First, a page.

Bangor Civic Society

 

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Green Spaces
Main Areas

Ashley Jones Field
King George V Field (Hirael)
Wartski Field
Bangor Mountain
Menai Woods
Roman Camp
Dargie Recreation Ground

Smaller Spaces

The Bible Garden
College Park
Pier Garden
Port Park
King George V Field (Glannada)
Playground and Playing Fields (at Hirael)

 


Ashley Jones Fields

Ashley Jones was a prominent Bangor solicitor before the Second World War. On his death, his executors fulfilled his wishes in making bequests to the City Council enabling them to acquire the Fields. The fields consist of meadows sloping down to the Straits. A lookout point with seats and parking can be found along Siliwen Road. During the (Bangor) Eisteddfod in 1931 a stone circle and table were erected as part of the celebrations. Paths at several points lead down to the shore where the old outdoor Siliwen Baths were located. The old Bath House remains, the walled baths have since been in filled.

Bangor Students having some 'snow fun'
at Ashley Jones Fields
 

 

Related Links: Gorsedd Stones (Wikipedia)

King George V Field (Hirael)
Field on the shoreline of Hirael looking out onto the mud flats and Penrhyn Port. Excellent parking and football goal posts. Used frequently by amateur footballers, traveling fares and annually for the Rotary fireworks and bonfire display. Gated Enterance from Beach Road features masoned Lion and Unicorn with inscription.

A plan of the site can be seen here

Related Links: Fields In Trust
Near to: Kings Head | Dickies Boat Yard (est. 1868 as A.M. Dickie & Sons)


Wartski Fields

Plaque Reads: Donated to the City of Bangor by Winifred Marie Wartski in memory of her husband Isidore Wartski 1879-1965. Mayor of Bangor 1939-41. The Earth is the Lord's and the fulness thereof.

The Wartski family were famous Polish/Jewish entrepreneurial retailers selling jewellery, antiques, art and later fashion. The family settled in Bangor establishing the jewellery business in 1865 (founded by Morris Wartski). The business continues today in London (link). At it's height in Bangor Wartskis occupied the Debenhams building.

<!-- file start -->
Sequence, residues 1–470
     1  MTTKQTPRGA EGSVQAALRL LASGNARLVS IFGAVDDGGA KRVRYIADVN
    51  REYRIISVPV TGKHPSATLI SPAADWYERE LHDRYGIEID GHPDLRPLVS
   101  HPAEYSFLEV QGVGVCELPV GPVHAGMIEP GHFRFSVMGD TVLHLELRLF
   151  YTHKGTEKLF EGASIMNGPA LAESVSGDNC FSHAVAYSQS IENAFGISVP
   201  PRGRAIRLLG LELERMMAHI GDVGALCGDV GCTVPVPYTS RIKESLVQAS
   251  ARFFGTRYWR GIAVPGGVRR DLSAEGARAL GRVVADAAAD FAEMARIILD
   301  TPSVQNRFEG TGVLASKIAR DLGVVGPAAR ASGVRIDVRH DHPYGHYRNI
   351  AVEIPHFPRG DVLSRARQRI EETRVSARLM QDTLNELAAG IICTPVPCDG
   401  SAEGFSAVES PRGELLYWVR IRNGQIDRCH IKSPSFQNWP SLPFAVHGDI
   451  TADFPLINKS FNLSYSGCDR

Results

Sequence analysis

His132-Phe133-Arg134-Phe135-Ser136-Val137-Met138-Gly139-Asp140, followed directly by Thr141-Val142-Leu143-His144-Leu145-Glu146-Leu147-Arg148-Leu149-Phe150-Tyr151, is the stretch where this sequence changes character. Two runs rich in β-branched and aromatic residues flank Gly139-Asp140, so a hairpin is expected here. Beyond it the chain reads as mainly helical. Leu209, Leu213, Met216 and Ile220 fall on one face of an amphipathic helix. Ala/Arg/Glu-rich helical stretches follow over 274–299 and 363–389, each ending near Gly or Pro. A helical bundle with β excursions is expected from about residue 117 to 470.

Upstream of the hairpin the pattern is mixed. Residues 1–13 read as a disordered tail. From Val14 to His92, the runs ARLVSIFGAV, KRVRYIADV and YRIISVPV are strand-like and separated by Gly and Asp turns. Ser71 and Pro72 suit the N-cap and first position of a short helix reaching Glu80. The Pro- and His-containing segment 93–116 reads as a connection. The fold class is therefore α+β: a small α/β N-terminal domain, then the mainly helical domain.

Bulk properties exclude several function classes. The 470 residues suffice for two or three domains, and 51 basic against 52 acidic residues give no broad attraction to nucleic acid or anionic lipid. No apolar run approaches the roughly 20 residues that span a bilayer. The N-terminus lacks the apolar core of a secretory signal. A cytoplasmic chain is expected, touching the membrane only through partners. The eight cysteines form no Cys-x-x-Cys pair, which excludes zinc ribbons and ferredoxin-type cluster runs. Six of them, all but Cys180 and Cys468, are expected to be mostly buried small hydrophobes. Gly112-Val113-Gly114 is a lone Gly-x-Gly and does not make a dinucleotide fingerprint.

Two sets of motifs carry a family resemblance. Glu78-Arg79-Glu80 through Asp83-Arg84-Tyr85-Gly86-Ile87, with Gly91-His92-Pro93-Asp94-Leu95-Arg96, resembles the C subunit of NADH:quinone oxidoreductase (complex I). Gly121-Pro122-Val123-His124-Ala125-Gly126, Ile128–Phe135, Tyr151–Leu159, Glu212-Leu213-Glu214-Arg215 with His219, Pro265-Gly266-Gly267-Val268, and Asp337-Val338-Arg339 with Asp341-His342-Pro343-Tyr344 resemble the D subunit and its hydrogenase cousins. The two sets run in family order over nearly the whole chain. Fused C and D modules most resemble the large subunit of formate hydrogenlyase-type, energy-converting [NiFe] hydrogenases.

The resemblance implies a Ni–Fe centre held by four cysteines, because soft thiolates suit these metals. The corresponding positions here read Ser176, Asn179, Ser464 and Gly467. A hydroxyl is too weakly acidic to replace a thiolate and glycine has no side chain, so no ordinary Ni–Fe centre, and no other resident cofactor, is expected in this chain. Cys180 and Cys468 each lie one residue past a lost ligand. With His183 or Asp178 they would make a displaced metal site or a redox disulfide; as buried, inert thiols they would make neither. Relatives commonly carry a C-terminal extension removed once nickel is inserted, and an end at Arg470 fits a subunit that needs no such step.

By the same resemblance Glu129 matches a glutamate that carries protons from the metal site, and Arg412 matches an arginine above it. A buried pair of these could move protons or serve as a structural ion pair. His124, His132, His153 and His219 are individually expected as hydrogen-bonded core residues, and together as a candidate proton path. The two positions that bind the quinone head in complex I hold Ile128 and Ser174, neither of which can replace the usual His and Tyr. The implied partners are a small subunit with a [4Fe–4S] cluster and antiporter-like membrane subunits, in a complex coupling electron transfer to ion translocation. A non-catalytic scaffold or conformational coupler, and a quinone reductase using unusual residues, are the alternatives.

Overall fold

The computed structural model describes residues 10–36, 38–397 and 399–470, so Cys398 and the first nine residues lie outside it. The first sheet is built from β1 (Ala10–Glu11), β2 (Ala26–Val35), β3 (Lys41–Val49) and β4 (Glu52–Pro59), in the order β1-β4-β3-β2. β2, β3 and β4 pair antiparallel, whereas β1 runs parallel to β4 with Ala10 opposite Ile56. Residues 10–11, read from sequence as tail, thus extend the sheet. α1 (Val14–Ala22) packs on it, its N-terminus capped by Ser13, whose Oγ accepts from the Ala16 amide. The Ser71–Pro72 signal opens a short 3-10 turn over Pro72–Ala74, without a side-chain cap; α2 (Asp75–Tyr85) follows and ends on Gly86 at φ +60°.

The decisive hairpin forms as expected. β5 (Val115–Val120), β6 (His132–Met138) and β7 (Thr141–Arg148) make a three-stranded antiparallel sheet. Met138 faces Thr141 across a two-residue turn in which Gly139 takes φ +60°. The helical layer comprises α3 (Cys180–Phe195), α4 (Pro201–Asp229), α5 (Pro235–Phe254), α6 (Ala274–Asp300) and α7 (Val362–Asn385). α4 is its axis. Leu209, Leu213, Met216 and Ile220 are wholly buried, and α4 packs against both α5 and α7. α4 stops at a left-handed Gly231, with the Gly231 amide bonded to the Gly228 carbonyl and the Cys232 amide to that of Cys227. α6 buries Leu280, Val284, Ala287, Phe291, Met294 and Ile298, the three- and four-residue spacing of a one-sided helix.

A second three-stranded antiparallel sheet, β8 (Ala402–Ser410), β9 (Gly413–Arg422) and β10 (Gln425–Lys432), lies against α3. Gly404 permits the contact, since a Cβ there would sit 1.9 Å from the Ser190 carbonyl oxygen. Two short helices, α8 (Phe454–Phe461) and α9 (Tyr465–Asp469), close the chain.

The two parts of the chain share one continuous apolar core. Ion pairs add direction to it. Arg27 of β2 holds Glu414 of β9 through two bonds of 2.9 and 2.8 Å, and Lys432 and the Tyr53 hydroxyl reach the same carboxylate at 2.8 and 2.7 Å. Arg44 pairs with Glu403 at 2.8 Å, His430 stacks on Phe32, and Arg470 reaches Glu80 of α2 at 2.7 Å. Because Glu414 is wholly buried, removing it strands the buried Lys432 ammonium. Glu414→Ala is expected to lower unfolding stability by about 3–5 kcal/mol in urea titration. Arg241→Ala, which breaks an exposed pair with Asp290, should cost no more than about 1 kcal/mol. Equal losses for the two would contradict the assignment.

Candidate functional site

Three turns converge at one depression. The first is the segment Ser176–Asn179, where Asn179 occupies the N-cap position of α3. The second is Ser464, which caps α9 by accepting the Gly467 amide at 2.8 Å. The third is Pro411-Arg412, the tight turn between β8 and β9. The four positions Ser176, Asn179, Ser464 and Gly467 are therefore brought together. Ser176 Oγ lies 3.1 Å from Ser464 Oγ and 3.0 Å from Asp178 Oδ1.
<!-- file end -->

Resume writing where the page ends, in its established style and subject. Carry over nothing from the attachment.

Views to: Menai Strait
Near to: Menai View Terrace | Menai Woods (see below)


Bangor Mountain

Bangor Mountain is a scarp face of a hill at the south eastern boundary of the valley in which Bangor sits.

Though not a mountain in the true sense of the word (at 384 feet in height) it is so called because of the way it rears up behind Bangor and appears mountainous, especially from the Glan Adda, High Street and Hirael areas of the city.

Bangor Mountain is much less precipitous on its southern side. Along a substantial part of the crest of the mountain is Bangor Golf Club—more properly St Deiniol's Golf Club. Because of the shape of the mountain, the golf course is linear and crosses some lanes and minor roads.

There are several rocky outcrops at high points on the mountain providing panoramic views of the city centre, the Menai Strait and over to the east of Angelsey, including the town of Beaumaris. This is probably the best location from which to see the buildings of the University of Wales, Bangor and the cathedral.

Along the side of the high street, the scarp slope is nearly vertical and clothed with a diverse ecology of mixed woods, open grassland and extensive areas of gorse.

Bangor Mountain provides the main southern watershed for the River Adda, the principal river flowing through Bangor. However, as the river has now been culverted throughout its whole length in the built up area of the city, it is little known to the city's population.

The mountain sadly suffers from arson in the Spring and Summer seasons . BBC News item on Bangor fires 22/04/2007

Views to: Bangor City, Beaumaris/Angelsey
Managed by: Bangor Town Council


Menai Woods